The implication for practice is that the less the designer knows about the learners, the more important it is to include several different approaches to learning the same content, such as technology-enabled training, and on-the-job and mentorship development efforts. This gives learners some freedom to choose the learning style they prefer [52,53]. The point is that instructors need to teach in a manner that is conducive to learners with varying preferences [54]. Doing so may often increase efficiency and appeal while maintaining effective design—all three are important outcomes.


This research received no external funding.

Conflicts of Interest

The author declares no conflict of interest.


  1. Pashler, H.; McDaniel, M.; Rohrer, D.; Bjork, R. Learning styles: Concepts and Evidence. Psychol. Sci. Public Interest 2009, 9, 105–119. [Google Scholar] [CrossRef] [PubMed] [Green Version]
  2. Rogowsky, B.A.; Calhoun, B.M.; Tallal, P. Matching learning style to instructional method: Effects on comprehension. J. Educ. Psychol. 2015, 107, 64–78. [Google Scholar] [CrossRef] [Green Version]
  3. Rogowsky, B.A.; Calhoun, B.M.; Tallal, P. Providing instruction based on students’ learning style preferences does not improve learning. Front. Psychol. 2020, 11, 164. [Google Scholar] [CrossRef] [PubMed]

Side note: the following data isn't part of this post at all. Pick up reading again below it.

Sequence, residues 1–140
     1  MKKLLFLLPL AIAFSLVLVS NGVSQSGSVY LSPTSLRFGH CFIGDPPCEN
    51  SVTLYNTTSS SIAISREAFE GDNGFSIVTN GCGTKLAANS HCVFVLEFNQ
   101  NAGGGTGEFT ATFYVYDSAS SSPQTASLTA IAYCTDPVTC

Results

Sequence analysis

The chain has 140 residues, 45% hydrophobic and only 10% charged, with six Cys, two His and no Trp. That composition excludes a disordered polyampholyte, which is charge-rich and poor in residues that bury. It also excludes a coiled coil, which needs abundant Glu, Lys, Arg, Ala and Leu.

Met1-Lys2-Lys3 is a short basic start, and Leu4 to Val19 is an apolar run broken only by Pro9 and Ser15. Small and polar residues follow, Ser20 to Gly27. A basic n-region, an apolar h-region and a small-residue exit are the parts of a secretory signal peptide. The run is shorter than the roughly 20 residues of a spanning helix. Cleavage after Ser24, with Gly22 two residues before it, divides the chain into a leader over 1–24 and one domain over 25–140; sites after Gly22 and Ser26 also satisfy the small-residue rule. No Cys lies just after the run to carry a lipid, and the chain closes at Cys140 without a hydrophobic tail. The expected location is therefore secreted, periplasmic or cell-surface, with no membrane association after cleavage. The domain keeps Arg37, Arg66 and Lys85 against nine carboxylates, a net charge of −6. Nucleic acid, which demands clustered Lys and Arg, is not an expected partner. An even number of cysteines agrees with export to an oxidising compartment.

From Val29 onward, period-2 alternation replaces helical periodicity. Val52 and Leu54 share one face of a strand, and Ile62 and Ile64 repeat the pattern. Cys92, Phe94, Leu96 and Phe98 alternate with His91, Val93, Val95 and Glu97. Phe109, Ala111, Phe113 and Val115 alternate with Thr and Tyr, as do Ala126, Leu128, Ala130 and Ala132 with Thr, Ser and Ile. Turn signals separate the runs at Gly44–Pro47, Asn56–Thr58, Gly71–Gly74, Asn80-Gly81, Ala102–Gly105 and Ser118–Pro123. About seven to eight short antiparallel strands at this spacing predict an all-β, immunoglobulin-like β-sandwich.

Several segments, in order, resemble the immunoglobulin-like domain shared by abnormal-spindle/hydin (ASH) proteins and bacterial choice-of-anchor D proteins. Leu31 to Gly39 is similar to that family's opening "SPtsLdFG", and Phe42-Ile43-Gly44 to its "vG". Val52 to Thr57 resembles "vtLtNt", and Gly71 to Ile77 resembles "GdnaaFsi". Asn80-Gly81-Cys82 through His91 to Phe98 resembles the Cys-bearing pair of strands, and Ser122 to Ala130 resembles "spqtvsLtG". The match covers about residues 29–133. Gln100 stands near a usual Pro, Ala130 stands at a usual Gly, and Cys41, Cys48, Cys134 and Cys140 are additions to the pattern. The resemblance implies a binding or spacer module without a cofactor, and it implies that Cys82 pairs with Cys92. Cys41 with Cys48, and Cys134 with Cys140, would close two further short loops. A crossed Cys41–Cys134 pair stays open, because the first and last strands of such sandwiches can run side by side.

4. Dekker, S.; Lee, N.C.; Howard-Jones, P.; Jolles, J. Neuromyths in education: Prevalence and predictors of misconceptions among teachers. Front. Psychol. Educ. Psychol. 2021, 429, 429. [Google Scholar] [CrossRef] [PubMed] [Green Version]
  5. Kirschner, P.A. Stop propagating the learning styles myth. Comput. Educ. 2017, 106, 166–171. [Google Scholar] [CrossRef]
  6. Knoll, A.R.; Otani, H.; Skeel, R.L.; Van Horn, K.R. Learning style, judgements of learning, and learning of verbal and visual information. Br. J. Psychol. 2016, 108, 544–563. [Google Scholar] [CrossRef]
  7. Newton, P.M.; Salvi, A. How common is belief in the learning styles neuromyth, and does it matter? A pragmatic systematic review. Front. Educ. 2020, 5, 2451. [Google Scholar] [CrossRef]
  8. Farrell, L.; Hurt, A.C. Training the millennial generation: Implications for organizational climate. E J. Organ. Learn. Leadersh. 2014, 12, 47–60. [Google Scholar]
  9. Ort, A. Embrace differences when training intergenerational groups. T + D 2014, 68, 60–65. [Google Scholar]
  10. Fasy, J. Generational Differences in the Workplace: A Meta-Analysis. Master’s Thesis, Pacific University, Forest Grove, OR, USA, 2018. Available online: (accessed on 1 November 2022).
  11. Mannheim, K. Essays on the Sociology of Knowledge: The Problem of Generations; Oxford University Press: New York, NY, USA, 1952. [Google Scholar]
  12. Mannheim, K. The Sociological Problem of Generations. Essays on the Sociology of Knowledge; Taylor & Francis Books: Abingdon-on-Thames, UK, 1952. [Google Scholar]
  13. Costanza, D.P.; Darrow, J.B.; Yost, A.B.; Severt, J.B. A review of analytical methods used to study generational differences: Strengths and limitations. Work Aging Retire. 2017, 3, 149–165. [Google Scholar] [CrossRef]